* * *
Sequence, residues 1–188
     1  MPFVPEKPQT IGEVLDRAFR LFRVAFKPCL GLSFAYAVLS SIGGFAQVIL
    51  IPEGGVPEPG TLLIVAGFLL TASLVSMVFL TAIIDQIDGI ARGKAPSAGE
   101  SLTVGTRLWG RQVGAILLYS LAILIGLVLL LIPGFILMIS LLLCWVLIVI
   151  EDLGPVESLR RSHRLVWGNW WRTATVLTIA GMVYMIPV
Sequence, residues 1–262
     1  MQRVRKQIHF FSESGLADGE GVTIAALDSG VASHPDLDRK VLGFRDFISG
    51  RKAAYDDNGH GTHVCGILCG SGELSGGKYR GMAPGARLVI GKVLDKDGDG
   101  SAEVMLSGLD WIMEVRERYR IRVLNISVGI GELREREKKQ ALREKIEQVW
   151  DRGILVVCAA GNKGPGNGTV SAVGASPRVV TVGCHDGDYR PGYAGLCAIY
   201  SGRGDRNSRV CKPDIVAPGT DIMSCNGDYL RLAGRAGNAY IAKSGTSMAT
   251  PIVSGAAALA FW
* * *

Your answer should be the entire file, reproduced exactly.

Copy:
Sequence, residues 1–188
     1  MPFVPEKPQT IGEVLDRAFR LFRVAFKPCL GLSFAYAVLS SIGGFAQVIL
    51  IPEGGVPEPG TLLIVAGFLL TASLVSMVFL TAIIDQIDGI ARGKAPSAGE
   101  SLTVGTRLWG RQVGAILLYS LAILIGLVLL LIPGFILMIS LLLCWVLIVI
   151  EDLGPVESLR RSHRLVWGNW WRTATVLTIA GMVYMIPV
Sequence, residues 1–262
     1  MQRVRKQIHF FSESGLADGE GVTIAALDSG VASHPDLDRK VLGFRDFISG
    51  RKAAYDDNGH GTHVCGILCG SGELSGGKYR GMAPGARLVI GKVLDKDGDG
   101  SAEVMLSGLD WIMEVRERYR IRVLNISVGI GELREREKKQ ALREKIEQVW
   151  DRGILVVCAA GNKGPGNGTV SAVGASPRVV TVGCHDGDYR PGYAGLCAIY
   201  SGRGDRNSRV CKPDIVAPGT DIMSCNGDYL RLAGRAGNAY IAKSGTSMAT
   251  PIVSGAAALA FW